And then I met up with another southbound cyclist, and it was really cool and fun from there on out. He was definitely a strange cat–he would say everything twice–he would say everything twice–but I’m a bit strange myself, so it all worked out. Anyone who’s been part of a cycling or running group knows that the camaraderie of other folks, and the expectation and hope that you’ll get to see other folks after you get out the door, is one of the prime motivating factors that allows you to get out of bed on those cold, dark winter days. Alone time can be great, but so can the community aspect of doing things together, even just commuting.
Here’s a special bikepool that happened in Long Beach yesterday. Going to the farmers market. Man, I could go for some fresh veggies right about now.
The BikePortland folks have an entire forum dedicated to bikepooling, and the sticky post at the top titled “Welcome to Carpooling” says this:
This forum is meant for people to connect, create and get advice on setting up bikepools in their neighborhoods.
Bikepooling is like carpooling. Portland cyclist Elly Blue started one up in her Southeast neighborhood. I wrote about it on BikePortland.org and someone suggested a forum where people could connect.
So here it is. But first, here are a few things to consider when posting your bikepool (suggested by Elly Blue):
A) Your bikepool announcement should include the following information:
–Starting time (specify a meeting time and/or departure time)
–General route (eg, over a particular bridge)
–Other important data, eg fast or slow, beginners welcome, etc.
B) Don’t ask if anyone’s interested in a certain route/time — just invite people. You have to go to work anyway, so if it’s a weird route and nobody shows up for the first week or two, well, what do you have to lose?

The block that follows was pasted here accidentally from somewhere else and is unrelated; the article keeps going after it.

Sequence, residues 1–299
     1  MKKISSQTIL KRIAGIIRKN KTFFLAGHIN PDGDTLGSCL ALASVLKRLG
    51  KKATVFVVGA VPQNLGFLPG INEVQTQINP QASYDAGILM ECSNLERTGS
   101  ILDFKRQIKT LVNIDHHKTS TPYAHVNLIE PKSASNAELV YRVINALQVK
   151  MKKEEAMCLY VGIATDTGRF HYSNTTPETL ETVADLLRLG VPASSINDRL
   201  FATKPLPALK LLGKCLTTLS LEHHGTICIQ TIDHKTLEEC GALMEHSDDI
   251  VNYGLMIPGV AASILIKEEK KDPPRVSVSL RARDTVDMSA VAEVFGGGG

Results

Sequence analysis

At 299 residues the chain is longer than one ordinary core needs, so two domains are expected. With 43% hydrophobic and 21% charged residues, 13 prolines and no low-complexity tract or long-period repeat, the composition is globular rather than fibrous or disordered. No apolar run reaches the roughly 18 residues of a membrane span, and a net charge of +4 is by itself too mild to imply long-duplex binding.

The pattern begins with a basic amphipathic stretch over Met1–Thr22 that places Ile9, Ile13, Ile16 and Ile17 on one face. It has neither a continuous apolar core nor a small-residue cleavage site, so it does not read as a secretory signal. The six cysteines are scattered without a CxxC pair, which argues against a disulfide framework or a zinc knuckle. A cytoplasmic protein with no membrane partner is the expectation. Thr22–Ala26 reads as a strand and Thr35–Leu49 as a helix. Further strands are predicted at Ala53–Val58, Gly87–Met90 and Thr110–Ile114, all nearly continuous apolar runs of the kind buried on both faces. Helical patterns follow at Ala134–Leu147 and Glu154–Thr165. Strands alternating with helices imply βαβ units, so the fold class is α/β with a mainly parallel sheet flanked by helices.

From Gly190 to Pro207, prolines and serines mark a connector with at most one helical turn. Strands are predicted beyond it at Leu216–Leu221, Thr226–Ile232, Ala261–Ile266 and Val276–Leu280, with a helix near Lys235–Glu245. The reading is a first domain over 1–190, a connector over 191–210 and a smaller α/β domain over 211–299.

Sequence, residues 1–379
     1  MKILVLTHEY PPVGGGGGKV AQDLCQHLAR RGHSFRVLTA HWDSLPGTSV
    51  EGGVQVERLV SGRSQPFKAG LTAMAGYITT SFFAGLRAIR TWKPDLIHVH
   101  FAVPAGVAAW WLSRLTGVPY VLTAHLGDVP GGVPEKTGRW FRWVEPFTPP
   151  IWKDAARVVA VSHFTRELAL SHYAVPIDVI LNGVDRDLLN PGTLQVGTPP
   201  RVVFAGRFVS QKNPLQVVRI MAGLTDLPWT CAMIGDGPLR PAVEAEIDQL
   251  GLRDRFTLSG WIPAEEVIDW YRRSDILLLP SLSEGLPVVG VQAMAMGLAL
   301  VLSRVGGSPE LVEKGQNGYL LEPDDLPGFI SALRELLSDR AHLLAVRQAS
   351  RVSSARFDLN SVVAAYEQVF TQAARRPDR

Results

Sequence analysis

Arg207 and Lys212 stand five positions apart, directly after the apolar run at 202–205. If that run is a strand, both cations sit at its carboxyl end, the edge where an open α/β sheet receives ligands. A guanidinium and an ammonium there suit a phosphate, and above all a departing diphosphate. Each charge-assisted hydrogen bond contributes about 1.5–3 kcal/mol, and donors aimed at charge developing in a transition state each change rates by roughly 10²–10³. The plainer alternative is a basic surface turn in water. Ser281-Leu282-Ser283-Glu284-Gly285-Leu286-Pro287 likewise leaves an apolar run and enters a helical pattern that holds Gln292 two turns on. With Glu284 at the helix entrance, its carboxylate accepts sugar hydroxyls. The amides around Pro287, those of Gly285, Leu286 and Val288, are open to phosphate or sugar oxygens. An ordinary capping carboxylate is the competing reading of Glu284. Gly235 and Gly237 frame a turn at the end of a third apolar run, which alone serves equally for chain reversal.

And then there is the BikePooling.com website designed to help people organize their bikepools. It doesn’t seem to be doing a whole lot of traffic yet, but maybe we can help change that, no? And, they’ve only just gone live, so I’m sure things will be picking up, now. Like every good website, BikePooling.com has an RSS feed to help us easily keep track of what’s going on. Good work, y’all! It appears to be a bit buggy, but hopefully that will get worked out soon enough.
Semi-side note: The San Francisco Bicycle Coalition, the Bike the Bridge Coalition, and the Bay Area Bike Coalition and others are all working on getting a bicycle route that spans then entire length of the San Francisco-Oakland Bay Bridge (total length: 8.4 miles or 14km). This is not the famous Golden Gate Bridge, which already has bike/pedestrian access; this is the other Bay Area bridge. But the Bay Bridge is awesome. And being able to bike over it would be awesomer. If you were to bike it on a regular basis, you might want some company, so this is definitely a BikePooling-type bridge. It’s a worthwhile effort, so if you have some time, read through their websites and see how you might be able to help. San Francisco is a huge tourism town, of course, so even folks who don’t live there could have an influence by doing things like contacting the chamber of commerce and telling them you support such a plan.
I don’t have a regular commute in Austin yet, but I will be very interested to know about folks who are already bikepooling and anyone who decides to try it out, wherever they live.